"Few books have mastered such a breadth of complex issues and done so in such clear and readily understandable prose. ...essential reading for every medical student and resident in the country, as well as anyone else who cares enough to address directly the health inequalities that plague so much of humanity."

-Robert Sparks, MD, Dean Emeritus Tulane University School of Medicine, President Emeritus and Senior Consultant for the W. K. Kellogg Foundation, former Chancellor of the University of Nebraska Medical Center, member Institute of Medicine.



 Current Programs

The Omni Med Health Service Corps in Uganda

Uganda is an East African country of 31.3 million, with an average annual per capita income of $340. Life expectancy is 52.3 years, and one of every 15 infants dies before their first birthday. The leading cause of death and disability in Uganda is malaria. The Uganda program is Omni Med's primary focus at present.

The Center for Global Service

In the fall of 2006, Omni Med board member Kathryn Johnson had a radical idea. What if Omni Med’s core mission of enhancing understanding and inspiring direct action among health volunteers could be expanded to the entire service sector? Over the next year, Ms Johnson, colleague Leland Russell of GeoGroup, and Omni Med’s Dr O'Neil developed the Center for Global Service, which seeks to bring better coordination, technology, and interactivity to the broader service space.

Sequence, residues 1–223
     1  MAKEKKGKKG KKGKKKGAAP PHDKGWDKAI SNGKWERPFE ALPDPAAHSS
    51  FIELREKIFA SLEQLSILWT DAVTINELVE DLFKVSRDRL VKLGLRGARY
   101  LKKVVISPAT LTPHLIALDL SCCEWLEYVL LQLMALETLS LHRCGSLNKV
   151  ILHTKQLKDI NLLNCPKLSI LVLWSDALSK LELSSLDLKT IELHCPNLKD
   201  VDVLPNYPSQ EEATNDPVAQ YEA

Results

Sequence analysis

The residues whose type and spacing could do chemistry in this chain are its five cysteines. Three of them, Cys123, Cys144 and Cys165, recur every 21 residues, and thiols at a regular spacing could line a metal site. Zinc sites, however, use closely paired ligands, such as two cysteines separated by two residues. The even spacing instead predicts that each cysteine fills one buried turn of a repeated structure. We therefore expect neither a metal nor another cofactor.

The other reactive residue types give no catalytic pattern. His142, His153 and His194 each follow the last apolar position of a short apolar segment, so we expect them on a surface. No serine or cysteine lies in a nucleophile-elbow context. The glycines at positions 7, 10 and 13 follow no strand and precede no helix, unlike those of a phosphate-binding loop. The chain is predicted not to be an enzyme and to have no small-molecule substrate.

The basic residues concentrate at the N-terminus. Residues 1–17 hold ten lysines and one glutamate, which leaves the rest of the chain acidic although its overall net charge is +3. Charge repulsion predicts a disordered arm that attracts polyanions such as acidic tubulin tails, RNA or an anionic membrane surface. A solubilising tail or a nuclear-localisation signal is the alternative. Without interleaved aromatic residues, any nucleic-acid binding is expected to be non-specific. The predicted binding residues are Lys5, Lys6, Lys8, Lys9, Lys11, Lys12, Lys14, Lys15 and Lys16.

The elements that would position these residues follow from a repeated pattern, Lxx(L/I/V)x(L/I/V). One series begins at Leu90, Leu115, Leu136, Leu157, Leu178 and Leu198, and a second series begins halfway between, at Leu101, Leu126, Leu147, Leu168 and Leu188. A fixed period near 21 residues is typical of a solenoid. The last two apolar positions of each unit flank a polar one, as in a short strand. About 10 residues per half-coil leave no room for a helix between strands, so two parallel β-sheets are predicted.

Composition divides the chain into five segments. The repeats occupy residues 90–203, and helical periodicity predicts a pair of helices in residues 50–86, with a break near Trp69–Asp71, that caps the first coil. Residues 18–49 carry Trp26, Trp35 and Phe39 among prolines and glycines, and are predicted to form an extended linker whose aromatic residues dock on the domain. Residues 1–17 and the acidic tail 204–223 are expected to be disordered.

Past Programs

The Omni Med Co-operative Health Education Program in Belize

Belize is a small country in Central America, with a population of 280,000 and more of a Caribbean feel. While most Americans who visit Belize find luxurious hotels, Mayan ruins, and plenty of sand and surf, Belize remains a developing country, with much of its population facing the challenges that routinely face those in developing countries. Life expectancy is just 68.8 years, a full decade less than that in the US, with a GDP per capita of just $6,800 (2005 est.) vs. $41,800 (2005 est.) in the United Sates. Belize’s health providers provide high quality care with limited resources, though have long struggled to find affordable means to keep their medical knowledge up to date.

Omni Med’s Partnership with St Mary’s Hospital, Nairobi, Kenya

Father Bill Fryda is a Catholic priest and Mayo Clinic–trained oncologist who has spent the past 25 years working in East Africa. He is featured along with six other exemplary health providers in Awakening Hippocrates: A Primer on Health, Poverty and Global Service (See New Books” Section). Since 1998 he, the Maryknoll Brothers and Sisters, and the Assumption Sisters of Nairobi have built St Mary’s Hospital in Nairobi, Kenya into one of the premiere hospitals in East Africa. St Mary’s is situated right next to the massive Kibera Slum in Nairobi, home to roughly 800,000 people living with no running water, sanitation, electricity, and, until recently, no decent medical care.

The Omni Med Co-operative Health Education Program in Guyana